Not Your Apu: Being Caught Between Cultures
The Balancing Act of Being Indian in England
Growing up between cultures is hard. Finding the balance between staying true to your roots and engraining yourself into your surroundings is a constant battle, like holding on to two dogs both trying to bolt in opposite directions. As an Indian who has grown up in the UK I have faced this dilemma for the best part of 20 years, or at least since I’ve been old enough to understand that the culture of my parents is not the same as that of my classmates, my friends, our neighbours, or the majority of people walking down the street.
I’d go out with my mother, who was wearing a sari, and see people staring and whispering quietly to each other. I would play football with friends at school, only to have someone shout “Don’t pass the ball to that black b*****d,” a comment that was simultaneously racist and nonsensical. I’d walk down the road to my village after a day of work experience, quietly minding my own business, to have a pot of mint sauce thrown at my feet by two teenagers walking down the opposite side of the road.
What is it that still creates this tension? Despite being a naturalised British citizen, holding a British passport, speaking perfect English, having lived there for 20 years and studied up to a degree level, why am I still not seen by many as British? The simple answer would be the colour of my skin, perhaps even my name. My passport may say “United Kingdom” but my name screams “Unpronounceable Indian twaddle.” However, even this feels like an oversimplification. The more opportunity I’ve had to travel and meet new people the more I’ve come to see that people aren’t inherently racist or tribalistic, they merely fear what they do not understand.
Looking back, it doesn’t actually seem that strange that a South-Indian family moving to a small village in the Yorkshire countryside would arouse some curiosity - seeing a woman in a sari waiting at the bus stop would be as strange a sight as seeing a Maasai warrior on the tram in Amsterdam. Not everyone has the opportunity and luxury of travel, and consequently the way they react is shaped not through contact and conversation, but through representation and misrepresentation.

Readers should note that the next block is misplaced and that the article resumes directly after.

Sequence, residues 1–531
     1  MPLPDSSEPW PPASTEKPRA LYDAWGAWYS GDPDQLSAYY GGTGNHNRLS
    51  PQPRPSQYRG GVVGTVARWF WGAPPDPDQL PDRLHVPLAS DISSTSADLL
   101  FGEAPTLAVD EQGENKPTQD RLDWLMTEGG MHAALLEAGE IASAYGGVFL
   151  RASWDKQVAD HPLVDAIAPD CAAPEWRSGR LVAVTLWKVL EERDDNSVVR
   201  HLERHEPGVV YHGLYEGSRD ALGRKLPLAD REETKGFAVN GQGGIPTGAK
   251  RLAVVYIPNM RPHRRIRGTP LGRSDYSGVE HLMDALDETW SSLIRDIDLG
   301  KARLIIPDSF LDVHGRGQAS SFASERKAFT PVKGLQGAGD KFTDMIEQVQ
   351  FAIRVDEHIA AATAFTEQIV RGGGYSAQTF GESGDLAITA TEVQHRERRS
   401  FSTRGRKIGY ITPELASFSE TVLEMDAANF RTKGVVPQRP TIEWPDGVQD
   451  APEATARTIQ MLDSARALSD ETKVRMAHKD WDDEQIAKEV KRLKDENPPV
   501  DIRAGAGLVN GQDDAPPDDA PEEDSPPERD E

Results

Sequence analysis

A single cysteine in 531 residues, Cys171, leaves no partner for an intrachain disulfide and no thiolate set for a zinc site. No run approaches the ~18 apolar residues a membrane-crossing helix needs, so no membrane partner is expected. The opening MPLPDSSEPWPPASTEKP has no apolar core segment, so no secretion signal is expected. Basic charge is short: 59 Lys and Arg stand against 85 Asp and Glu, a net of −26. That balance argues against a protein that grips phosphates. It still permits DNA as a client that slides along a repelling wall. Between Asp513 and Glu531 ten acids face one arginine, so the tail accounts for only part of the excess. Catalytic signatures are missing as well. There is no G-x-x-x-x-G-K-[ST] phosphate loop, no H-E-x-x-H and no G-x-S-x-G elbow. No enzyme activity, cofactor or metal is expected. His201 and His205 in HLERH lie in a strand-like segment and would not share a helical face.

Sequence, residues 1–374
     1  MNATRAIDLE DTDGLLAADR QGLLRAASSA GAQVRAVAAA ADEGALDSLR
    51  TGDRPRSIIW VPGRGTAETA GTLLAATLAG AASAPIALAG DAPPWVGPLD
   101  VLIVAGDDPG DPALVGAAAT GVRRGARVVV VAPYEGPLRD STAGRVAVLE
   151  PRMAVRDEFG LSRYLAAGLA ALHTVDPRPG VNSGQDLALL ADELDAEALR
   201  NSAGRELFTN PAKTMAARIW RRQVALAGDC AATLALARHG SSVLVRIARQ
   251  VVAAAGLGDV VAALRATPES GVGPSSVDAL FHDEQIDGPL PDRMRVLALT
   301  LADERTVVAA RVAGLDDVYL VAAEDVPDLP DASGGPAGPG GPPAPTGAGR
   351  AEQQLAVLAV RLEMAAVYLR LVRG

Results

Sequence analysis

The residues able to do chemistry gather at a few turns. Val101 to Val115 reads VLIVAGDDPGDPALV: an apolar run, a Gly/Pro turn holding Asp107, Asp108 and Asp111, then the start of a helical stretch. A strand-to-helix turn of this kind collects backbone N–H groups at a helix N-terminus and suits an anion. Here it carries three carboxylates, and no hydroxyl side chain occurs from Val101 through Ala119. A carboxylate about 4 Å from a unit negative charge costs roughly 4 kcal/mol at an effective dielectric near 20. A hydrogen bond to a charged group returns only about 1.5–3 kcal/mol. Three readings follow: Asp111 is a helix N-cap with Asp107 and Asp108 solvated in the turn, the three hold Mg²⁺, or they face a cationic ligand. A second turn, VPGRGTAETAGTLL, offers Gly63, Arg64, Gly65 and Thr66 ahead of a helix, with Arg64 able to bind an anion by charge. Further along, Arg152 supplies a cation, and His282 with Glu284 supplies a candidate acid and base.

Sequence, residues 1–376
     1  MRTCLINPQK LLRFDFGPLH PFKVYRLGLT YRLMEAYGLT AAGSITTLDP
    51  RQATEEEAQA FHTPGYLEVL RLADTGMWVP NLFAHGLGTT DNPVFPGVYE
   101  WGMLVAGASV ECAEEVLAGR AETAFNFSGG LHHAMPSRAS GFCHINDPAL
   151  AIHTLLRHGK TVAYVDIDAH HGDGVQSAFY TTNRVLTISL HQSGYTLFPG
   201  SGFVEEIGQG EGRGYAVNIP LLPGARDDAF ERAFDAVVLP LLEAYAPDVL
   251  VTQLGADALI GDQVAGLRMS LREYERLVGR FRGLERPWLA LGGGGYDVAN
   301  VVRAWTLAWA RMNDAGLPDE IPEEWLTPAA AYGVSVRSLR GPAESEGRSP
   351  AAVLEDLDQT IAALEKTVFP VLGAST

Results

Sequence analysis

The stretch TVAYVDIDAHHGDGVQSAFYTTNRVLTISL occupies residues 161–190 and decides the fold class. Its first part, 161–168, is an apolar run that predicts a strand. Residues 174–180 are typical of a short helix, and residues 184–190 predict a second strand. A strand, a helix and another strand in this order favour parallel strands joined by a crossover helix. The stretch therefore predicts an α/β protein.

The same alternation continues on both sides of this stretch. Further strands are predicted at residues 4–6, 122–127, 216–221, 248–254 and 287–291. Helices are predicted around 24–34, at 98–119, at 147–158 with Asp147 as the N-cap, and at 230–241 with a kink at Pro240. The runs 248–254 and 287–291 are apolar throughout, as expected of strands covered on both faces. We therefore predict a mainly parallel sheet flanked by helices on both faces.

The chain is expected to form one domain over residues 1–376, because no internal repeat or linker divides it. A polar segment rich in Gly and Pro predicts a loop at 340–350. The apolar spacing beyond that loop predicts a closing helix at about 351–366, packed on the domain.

The Trouble of Tropes
In the UK the perception of immigrants is shaped by tabloid journalism and far-right fear mongering, and the target is always shifting. In Europe, for example, the ‘bogeyman’ has morphed from Black communities to Asian communities, from Eastern Europeans to Pakistanis, and of course over the past decade the conversation has been dominated by Islam. If you haven’t met anyone from different communities to show you otherwise, your perception will be based purely on the stories you have been told; about jobs being ‘stolen’ and communities being ruined.
The other, arguably more insidious, aspect of misrepresentation occurs through creative media. Film and Television hold a sway over us, but aren’t advertised as such. Reading a story about immigrants in a tabloid comes with a certain context that, for example, Raj in The Big Bang Theory does not. He is presented at face value, part of a sitcom landscape that for decades has traded on crude racial stereotypes without ever seeking to explore them further. He’s Indian, which means he has a funny accent, is a nerd, his father is a doctor, and he’s hopeless at speaking to women. None of this is presented as an overt stereotype, nor does the character attempt to distance himself from these tropes. Rather the writing makes Raj play into these stereotypes as if they are fact.
Raj is of course the extreme example, and thankfully the landscape is changing. The other most noted Indian on television, Mr.Apu Nahasapeemapetilon, has morphed over the years from a basic sitcom stereotype into an immigrant who genuinely struggles with questions of identity, fighting to maintain his culture whilst trying to fit into his American surroundings.
Actors and comedians and other multi-hyphenates are addressing this issue too; Aziz Ansari with the fantastic Master of None, Kumail Nanjiani looked earnestly into interracial relationships based on his own story in The Big Sick, and Romesh Ranganathan pokes fun at his own inability to understand his culture in the series Asian Provocateur.
Of course there are still comedians like Paul Chowdhry, Russell Peters, and YouTube star Jus Reign, who use their culture as a springboard for accent-based humour, but they are speaking with their own voices instead of being moulded by a team of writers seeking to mine a cheap laugh. Representation in media matters, not in the sense of proportion and numbers as some would argue, but rather in the honesty of what is being shown. The reality of immigrant life has to be shown by those who have lived it, and the more honest and open we can be about our own stories, the more chance we have to build a better sense of understanding in our world.
Who's My Battle Buddy?
Written by The Angry Indian
Cultural commentator, sarcastic Brit, general nerd, and (a bit of a) know-it-all.